It has been said in Yamamoto’s defence that the six months’ grace he promised was all the Japanese forces needed to consolidate the Strike South. But there were senior officers who didn’t believe it. One of them was Admiral Tomioka, who accurately assessed the risks Yamamoto was taking, and, more importantly, was doubtful about the efficacy of the outcome even if the plan had worked. (Tomioka’s analysis is well outlined in Gordon W. Prange’s At Dawn We Slept, a work by no means unfavourable to Yamamoto, but one from which Tomioka emerges as the voice of reason on the Japanese side.) If the Japanese command structure had been as well organized from the outset as America’s command structure very quickly became, Tomioka would have been in a position to overrule Yamamoto. But the Japanese never did get organized at command level. The drawback of military government was that there was no government to control the military, whose commanders formed a perpetual discussion group from which policy emerged as the highest common factor of contending opinions. The Americans, on the other hand, appointed, as supreme commander in the Pacific, Admiral King, to whom both General MacArthur and Admiral Nimitz reported directly. Though MacArthur hogged most of the limelight, Admiral Nimitz was the key man. His unspectacular qualities, coalescing into an authority all the more daunting for being so reasonable, can be assessed from E. B. Potter’s biography, Nimitz. The Japanese continued with Yamamoto, who wrote his Pearl Harbor poem all over again at Midway, except that this time the masterpiece came apart completely. In the Japanese language there is an expression to cover the concept of making an almighty hash of things: to serve the dish with bean paste. At Midway bean paste was the whole dish.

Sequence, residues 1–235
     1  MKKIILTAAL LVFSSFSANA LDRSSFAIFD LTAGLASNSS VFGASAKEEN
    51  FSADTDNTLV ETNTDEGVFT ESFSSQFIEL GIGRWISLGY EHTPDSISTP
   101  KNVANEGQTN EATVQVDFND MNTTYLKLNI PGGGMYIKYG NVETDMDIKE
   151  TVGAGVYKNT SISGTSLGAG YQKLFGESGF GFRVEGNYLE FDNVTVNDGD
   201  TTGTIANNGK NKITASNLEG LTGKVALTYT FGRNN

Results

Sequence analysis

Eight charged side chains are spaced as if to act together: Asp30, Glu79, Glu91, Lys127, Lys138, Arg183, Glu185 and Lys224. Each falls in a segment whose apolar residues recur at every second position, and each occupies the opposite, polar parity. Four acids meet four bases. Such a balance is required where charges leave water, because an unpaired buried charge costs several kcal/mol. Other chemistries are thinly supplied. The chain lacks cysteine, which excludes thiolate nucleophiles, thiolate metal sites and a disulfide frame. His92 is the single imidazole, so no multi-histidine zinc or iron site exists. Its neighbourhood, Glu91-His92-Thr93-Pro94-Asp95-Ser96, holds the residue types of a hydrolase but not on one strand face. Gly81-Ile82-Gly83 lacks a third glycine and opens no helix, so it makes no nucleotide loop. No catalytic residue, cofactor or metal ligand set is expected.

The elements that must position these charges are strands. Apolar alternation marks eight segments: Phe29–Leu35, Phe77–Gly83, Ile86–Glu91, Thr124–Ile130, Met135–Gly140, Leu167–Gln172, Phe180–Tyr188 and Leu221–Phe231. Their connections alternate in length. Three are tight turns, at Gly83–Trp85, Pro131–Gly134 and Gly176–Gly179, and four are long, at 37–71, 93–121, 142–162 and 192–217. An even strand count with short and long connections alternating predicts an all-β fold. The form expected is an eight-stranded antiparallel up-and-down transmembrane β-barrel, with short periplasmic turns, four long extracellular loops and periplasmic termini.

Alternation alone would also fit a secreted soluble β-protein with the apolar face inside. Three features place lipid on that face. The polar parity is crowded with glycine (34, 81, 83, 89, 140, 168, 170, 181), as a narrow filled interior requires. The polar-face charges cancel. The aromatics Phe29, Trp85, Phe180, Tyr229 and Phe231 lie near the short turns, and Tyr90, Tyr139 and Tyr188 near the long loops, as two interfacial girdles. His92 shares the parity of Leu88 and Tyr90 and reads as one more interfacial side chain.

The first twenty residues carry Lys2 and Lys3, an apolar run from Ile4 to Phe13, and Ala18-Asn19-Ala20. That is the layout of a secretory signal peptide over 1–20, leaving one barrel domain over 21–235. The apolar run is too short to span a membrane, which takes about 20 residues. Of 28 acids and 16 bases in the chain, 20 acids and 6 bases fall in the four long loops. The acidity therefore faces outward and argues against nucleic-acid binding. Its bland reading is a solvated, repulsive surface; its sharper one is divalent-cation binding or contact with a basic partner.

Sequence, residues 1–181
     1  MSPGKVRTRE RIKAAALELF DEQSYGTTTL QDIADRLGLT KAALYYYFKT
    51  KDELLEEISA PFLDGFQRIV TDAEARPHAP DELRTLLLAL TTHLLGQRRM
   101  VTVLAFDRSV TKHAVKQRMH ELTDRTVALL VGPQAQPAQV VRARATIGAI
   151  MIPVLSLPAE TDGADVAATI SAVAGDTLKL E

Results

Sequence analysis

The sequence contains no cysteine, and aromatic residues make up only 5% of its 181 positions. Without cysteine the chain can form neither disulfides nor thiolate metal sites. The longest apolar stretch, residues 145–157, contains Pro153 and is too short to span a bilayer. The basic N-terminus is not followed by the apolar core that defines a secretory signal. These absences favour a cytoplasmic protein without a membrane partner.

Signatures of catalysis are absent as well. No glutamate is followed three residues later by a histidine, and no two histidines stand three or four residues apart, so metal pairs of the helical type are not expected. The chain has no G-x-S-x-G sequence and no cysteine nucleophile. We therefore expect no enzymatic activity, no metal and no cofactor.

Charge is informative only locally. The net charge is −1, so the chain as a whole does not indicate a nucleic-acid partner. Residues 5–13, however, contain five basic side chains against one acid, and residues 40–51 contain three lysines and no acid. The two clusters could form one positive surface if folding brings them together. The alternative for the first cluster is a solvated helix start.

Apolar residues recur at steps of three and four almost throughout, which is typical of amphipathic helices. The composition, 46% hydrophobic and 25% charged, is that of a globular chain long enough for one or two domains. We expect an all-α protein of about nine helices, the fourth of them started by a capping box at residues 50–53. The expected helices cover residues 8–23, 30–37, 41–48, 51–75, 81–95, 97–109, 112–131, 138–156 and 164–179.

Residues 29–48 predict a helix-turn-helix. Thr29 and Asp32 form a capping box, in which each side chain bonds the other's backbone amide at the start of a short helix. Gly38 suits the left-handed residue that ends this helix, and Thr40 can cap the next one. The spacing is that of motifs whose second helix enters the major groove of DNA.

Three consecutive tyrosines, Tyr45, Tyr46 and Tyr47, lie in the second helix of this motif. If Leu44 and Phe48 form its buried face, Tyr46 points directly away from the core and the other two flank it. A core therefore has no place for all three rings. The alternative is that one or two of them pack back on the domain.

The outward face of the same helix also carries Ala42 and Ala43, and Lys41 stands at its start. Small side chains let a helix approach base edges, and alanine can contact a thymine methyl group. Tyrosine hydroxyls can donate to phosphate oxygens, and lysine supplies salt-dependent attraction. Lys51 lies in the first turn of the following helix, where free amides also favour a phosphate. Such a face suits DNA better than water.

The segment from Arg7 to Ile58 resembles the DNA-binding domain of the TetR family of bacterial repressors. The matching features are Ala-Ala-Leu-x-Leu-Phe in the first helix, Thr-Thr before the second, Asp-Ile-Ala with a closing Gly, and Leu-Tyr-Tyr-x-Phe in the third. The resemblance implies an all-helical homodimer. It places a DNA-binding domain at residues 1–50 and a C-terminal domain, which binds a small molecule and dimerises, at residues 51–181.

Spiritually, Yamamoto died at Midway. In the matter of his physical death, however, it seems unlikely that he committed suicide in expiation. Romantic interpreters sometimes favour the appealing notion that Yamamoto invited the American ambush that resulted in his being shot down into the jungle of Bougainville on April 18, 1943. While airborne on an inspection tour of the forward areas, he was caught by a flight of P-38s. In a big sky, they knew exactly where to find him. But it is a long step, even for conspiracy theorists, to argue that he had deliberately tipped off the enemy. At Midway, it was indeed true that Admiral Spruance, armed with signals intelligence, knew where to intercept the Japanese aircraft carriers. But the Japanese, like the Germans, were reluctant to accept that their military codes were being read: reluctant even when there was no other plausible reason for a defeat. When he saw the P-38s forming to attack, Yamamoto might have guessed that they were acting on information received: i.e., that the coded radio messages announcing his route had been read in Hawaii. He might even have guessed that the P-38s had intercepted from below—making it look like an accidental encounter—in order to protect the secret in case anyone escaped from the two aircraft carrying him and his staff, or from the escort of Zeros. But by then the guesswork could avail him nothing, and down he went. When the Japanese search party tracked down his corpse in the jungle, he was still strapped into his seat. His sword was beside him. If he had wanted to commit suicide, he would probably have done so on dry land or on the deck of a ship, included the sword in the ceremony, and written a poem first.